Movements | February 5th, 2019

Issue #33— Brought to you by Michal Naka and Adam Feldman. Please forward this weekly mailer to friends and colleagues and encourage them to sign up!

We hope that everyone who attended the Micromobility Conference last week enjoyed it as much as we did. It was so great to meet so many of you in person!


Bird’s founder and CEO Travis VanderZanden talks unit economics, competitors, and seasonality. | TechCrunch

  • Bird is focused on improving unit economics in 2019. “Clearly the unit economics didn’t work on those scooters but that was a test anyway… Once we knew people liked riding them, we quickly scrambled and started creating our own scooters. Bird Zero is the first iteration of that. What we see on the unit economics of those, it’s like night and day.” The Bird Zero is only a small subset of their entire fleet as the company mainly relies on Segway ES and Xiaomi M365 models.

  • VanderZanden said he is not concerned with seasonality and revealed Bird operates on a $100 million revenue run rate even in the winter. “Obviously, there is seasonality in the scooters business, there’s no doubt about that,” he said.“Yes, it’s slower in December but this market is so big, even in our slow [weeks] most companies would love to have that in their best [month].”

  • Lesson learned on the logistics side: We used to say when we’re heading into the holiday season that the Birds would migrate south but it turns out the logistics are really expensive, so the Birds hibernate.” This is probably partly due to Bird’s ‘touchless’ operations model, where they leverage an army of contract chargers and mechanics in each market, with no central warehouse but rather a group of self serve storage units.

A bankrobber in Austin tried using an electric Jump scooter as a getaway vehicle. It didn’t turn out so well for him. | Washington Post

Singapore self-delivering scooter company ScootBee shares some new pilot videos. | ScootBee

ScootBee Hive?

Notes from the Micromobility Conference from Luke Wroblewski. | LukeW


Uber COO Barney Hartford shares that the company does 250 million trips to and from airports each year. No surprise that the former CEO of Orbitz is looking to partner with airlines to “make a seamless experience from your home to your destination”. He also noted that Uber is adding beacons and wifi access points to airports to improve location accuracy. | Skift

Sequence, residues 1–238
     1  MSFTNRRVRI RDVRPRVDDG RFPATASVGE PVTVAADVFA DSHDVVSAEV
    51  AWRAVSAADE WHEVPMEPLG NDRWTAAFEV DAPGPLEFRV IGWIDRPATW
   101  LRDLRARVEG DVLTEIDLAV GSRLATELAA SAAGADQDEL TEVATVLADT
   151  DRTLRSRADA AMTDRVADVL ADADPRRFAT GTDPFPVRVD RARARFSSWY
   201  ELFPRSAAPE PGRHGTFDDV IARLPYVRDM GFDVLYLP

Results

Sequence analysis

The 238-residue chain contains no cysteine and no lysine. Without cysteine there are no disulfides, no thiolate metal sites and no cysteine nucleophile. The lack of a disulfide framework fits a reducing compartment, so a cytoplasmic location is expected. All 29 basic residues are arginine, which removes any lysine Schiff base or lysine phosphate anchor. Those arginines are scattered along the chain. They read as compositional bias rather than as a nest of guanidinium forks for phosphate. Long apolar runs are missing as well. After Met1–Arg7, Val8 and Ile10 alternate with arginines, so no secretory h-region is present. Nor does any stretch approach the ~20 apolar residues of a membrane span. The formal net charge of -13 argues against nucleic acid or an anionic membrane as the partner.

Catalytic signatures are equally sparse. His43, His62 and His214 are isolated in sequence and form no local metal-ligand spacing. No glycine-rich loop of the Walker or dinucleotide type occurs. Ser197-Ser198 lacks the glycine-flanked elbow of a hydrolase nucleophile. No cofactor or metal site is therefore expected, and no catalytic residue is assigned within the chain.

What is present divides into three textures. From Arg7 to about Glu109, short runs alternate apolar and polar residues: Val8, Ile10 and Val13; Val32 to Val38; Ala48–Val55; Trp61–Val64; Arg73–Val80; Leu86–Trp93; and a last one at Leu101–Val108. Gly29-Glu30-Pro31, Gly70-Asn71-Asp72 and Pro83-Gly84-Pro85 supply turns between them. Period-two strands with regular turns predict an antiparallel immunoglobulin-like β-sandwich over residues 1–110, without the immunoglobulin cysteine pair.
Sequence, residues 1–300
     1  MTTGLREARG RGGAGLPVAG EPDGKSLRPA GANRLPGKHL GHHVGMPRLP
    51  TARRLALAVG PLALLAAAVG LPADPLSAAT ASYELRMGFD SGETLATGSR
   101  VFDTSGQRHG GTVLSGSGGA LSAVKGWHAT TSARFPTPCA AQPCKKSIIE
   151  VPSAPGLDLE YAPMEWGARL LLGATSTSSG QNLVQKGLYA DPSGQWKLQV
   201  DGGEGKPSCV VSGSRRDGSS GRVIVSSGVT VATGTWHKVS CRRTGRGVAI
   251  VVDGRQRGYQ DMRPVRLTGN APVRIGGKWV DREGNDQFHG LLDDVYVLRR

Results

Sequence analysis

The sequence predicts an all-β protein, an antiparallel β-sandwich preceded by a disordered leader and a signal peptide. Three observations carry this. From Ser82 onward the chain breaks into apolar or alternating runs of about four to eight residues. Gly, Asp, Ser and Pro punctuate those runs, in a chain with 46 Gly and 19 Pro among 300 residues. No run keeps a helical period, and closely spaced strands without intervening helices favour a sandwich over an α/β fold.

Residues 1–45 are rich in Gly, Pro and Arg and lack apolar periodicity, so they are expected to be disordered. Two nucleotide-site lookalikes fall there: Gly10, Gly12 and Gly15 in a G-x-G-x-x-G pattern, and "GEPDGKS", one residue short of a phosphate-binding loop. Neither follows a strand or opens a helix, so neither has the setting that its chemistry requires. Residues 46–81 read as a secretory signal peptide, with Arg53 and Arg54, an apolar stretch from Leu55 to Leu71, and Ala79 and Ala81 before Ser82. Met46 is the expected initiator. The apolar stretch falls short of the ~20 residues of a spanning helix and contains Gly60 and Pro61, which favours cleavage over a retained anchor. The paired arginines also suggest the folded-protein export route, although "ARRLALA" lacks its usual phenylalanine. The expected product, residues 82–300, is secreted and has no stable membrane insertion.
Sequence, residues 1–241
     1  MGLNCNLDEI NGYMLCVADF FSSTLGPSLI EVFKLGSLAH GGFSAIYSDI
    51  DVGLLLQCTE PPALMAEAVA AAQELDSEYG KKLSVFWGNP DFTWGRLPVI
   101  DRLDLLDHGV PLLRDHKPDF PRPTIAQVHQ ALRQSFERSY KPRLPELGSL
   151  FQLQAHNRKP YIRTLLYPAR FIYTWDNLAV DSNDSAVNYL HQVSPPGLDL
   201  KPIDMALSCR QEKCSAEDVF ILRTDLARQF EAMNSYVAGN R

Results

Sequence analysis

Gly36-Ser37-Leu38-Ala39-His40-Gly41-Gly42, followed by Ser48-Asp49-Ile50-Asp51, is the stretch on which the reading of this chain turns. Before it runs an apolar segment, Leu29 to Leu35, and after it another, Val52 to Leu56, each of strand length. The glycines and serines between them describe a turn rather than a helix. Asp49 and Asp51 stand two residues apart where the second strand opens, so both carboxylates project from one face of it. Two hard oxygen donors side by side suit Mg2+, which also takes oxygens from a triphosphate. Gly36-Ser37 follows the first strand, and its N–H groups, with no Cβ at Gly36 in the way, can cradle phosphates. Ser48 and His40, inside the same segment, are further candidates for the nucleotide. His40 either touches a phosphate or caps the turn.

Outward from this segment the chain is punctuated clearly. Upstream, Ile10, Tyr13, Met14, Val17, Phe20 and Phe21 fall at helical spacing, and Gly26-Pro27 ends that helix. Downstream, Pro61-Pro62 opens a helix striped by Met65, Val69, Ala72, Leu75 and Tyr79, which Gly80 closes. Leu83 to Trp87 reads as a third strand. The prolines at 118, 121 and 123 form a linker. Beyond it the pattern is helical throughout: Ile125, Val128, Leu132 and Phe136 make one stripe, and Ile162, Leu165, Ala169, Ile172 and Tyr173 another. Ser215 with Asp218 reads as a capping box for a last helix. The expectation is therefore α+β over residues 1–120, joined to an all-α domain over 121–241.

“UCLA students call about 11,000 Uber and Lyft rides that never leave campus every week.” | Daily Bruin

Grab users can soon stream video in the app. | CNBC

Spanish ridehailing firm Cabify moves to become a MaaS platform including scooter, bikes and helicopter (!)rides. | Forbes

Uber Boat and BoatXL product launches in Mumbai. | CNBC

McDonalds franchise operators are worried about UberEats’s success. | Skift

Cities & Policy

Vancouver provides a look into what it’s like to live in a major city without TNCs. Unsurprisingly, mass transit and cycling mode shares showed measurable increases. | Slate

Uber and Fehr & Peers released a curb productivity study from Cincinnati. Fehr and Peers

More rumblings about road pricing in Los Angeles. | Curbed

LA Metro and Via launch an on-demand shared ride service to solve the last mile problem for passengers going to and from mass transit | Wired


Prioritizing privacy when using location in apps. | Mapbox

Looking for a startup idea? Go make transportation work for seniors. | Marketplace

Product Launches & Updates

As Uber diligently works to aggregate all modes of transportation, they’ve recently added public transit to their app. The real-time scheduling data that you see now is provided by Moovit and the ability to purchase tickets will be provided by Masabi in the near future. | The Verge

An excellent overview of the latest developments in urban navigation apps. | Curbed

Lime launched a feature that automatically slows down their vehicles in certain restricted areas. When can we have this for cars? | Jonathan Wegener